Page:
Polyunsaturated Cat Meat (FIT)

Amazing what a mid-afternoon shot of quality bourbon can do for your sense of humor.

 

We’re going to press on today with our series on becoming a full time stock and options trader.  As you recall, this is only an overview; we hope shortly to be able to offer you something more systematic and exhaustive in the Normandy mode.

 

That said, we began our discussion some two months back with a look at ‘trading signals’ and ‘cash management’, two of the three foundations of the trading game.  The first we examined in our letter called Short Sellers Disappeared? Time to Short and the second in Kissing Apples.  Feel free to go back for a refresher, or even a first look if you haven’t already done so.

 

Today, we move on to our third and last pillar of the independent trading ‘infrastructure’, trading psychology, a subject that requires a great deal of fleshing out, but whose main principles we’re going to outline in brief today.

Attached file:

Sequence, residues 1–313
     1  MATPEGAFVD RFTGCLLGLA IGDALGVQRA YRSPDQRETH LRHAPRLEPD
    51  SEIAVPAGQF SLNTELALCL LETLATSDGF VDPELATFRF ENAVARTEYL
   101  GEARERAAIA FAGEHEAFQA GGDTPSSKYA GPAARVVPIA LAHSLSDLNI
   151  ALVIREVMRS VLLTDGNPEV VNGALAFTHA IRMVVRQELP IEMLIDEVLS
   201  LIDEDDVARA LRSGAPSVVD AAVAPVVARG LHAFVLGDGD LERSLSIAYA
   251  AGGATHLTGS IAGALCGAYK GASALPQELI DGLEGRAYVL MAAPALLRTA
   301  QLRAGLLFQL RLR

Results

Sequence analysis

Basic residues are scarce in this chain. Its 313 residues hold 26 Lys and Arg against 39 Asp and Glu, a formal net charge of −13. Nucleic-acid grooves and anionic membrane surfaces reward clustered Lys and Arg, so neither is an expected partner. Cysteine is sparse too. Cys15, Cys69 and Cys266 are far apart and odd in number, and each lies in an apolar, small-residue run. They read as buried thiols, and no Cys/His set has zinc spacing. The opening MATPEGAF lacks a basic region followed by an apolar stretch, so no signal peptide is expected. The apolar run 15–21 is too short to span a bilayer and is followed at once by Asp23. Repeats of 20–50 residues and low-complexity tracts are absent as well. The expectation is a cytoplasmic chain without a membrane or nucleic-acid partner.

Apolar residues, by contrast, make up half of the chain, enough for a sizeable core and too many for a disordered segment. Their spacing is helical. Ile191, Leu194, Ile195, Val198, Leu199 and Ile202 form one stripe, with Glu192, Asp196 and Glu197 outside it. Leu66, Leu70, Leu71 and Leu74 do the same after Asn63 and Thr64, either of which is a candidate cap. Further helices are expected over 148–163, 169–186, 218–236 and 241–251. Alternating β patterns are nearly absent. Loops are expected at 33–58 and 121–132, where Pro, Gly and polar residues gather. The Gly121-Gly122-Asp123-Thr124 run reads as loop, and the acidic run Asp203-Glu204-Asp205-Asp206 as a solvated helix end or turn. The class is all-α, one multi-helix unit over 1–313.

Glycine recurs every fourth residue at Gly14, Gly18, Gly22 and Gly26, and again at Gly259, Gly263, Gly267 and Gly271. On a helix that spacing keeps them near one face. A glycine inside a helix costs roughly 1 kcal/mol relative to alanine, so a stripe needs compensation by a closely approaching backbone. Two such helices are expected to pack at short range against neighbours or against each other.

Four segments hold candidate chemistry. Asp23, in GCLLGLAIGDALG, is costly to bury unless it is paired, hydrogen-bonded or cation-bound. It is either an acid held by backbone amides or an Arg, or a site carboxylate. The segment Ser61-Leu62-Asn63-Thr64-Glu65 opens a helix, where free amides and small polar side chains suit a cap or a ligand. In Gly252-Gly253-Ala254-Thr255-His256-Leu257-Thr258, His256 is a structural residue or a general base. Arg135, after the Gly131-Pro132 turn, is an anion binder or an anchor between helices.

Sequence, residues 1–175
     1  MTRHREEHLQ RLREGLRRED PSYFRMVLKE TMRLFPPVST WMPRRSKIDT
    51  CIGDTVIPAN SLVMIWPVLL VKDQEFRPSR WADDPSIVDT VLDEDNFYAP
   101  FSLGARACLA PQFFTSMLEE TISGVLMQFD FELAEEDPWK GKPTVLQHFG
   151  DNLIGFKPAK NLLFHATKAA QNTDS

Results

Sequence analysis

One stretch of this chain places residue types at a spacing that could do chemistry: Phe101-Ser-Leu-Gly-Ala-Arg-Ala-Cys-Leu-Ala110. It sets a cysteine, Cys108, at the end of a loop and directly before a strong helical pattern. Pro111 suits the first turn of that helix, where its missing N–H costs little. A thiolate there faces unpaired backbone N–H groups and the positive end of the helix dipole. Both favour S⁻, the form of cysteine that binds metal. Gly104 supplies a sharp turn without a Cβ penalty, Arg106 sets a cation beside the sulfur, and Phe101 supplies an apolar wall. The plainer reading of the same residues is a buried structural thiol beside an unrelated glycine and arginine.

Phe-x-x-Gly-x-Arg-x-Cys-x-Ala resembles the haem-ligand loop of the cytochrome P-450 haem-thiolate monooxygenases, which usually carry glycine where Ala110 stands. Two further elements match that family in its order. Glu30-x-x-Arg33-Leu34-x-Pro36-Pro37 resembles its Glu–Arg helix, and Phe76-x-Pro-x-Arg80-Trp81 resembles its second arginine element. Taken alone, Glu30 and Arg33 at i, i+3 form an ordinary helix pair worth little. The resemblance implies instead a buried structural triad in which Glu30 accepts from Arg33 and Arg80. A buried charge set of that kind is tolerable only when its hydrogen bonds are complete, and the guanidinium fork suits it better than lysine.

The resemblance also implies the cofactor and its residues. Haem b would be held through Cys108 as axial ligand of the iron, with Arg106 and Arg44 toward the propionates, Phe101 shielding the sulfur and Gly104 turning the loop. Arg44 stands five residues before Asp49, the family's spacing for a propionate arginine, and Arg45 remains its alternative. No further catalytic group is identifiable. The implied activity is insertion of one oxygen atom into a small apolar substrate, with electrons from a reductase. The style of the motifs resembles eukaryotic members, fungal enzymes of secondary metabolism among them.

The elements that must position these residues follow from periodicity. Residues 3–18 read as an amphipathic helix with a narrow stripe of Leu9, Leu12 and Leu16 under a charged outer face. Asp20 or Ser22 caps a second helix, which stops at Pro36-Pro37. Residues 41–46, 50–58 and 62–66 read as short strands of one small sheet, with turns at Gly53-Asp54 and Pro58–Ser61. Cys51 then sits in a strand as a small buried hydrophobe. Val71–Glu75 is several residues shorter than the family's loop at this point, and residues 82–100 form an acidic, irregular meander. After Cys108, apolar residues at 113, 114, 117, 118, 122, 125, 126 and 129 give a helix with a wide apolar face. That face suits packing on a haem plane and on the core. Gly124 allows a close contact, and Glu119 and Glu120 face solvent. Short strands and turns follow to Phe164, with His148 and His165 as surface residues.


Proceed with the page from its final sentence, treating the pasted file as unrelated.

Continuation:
Let’s be clear about what psychology is not.

 

Though many might argue otherwise, there is no ‘trading psychology’ as such.  That is, there’s no one out there, who, by dint of birth or education or training, possesses a mindset native to success in the trading profession.

 

Rather, there may exist a certain set of behaviors or ‘habits’, that could be considered advantageous to trading performance, all of which can be learned either via trading itself or by way of another discipline that demands excellence and to which one must apply oneself wholeheartedly.

 

Concretize that, Matty

 

No problem.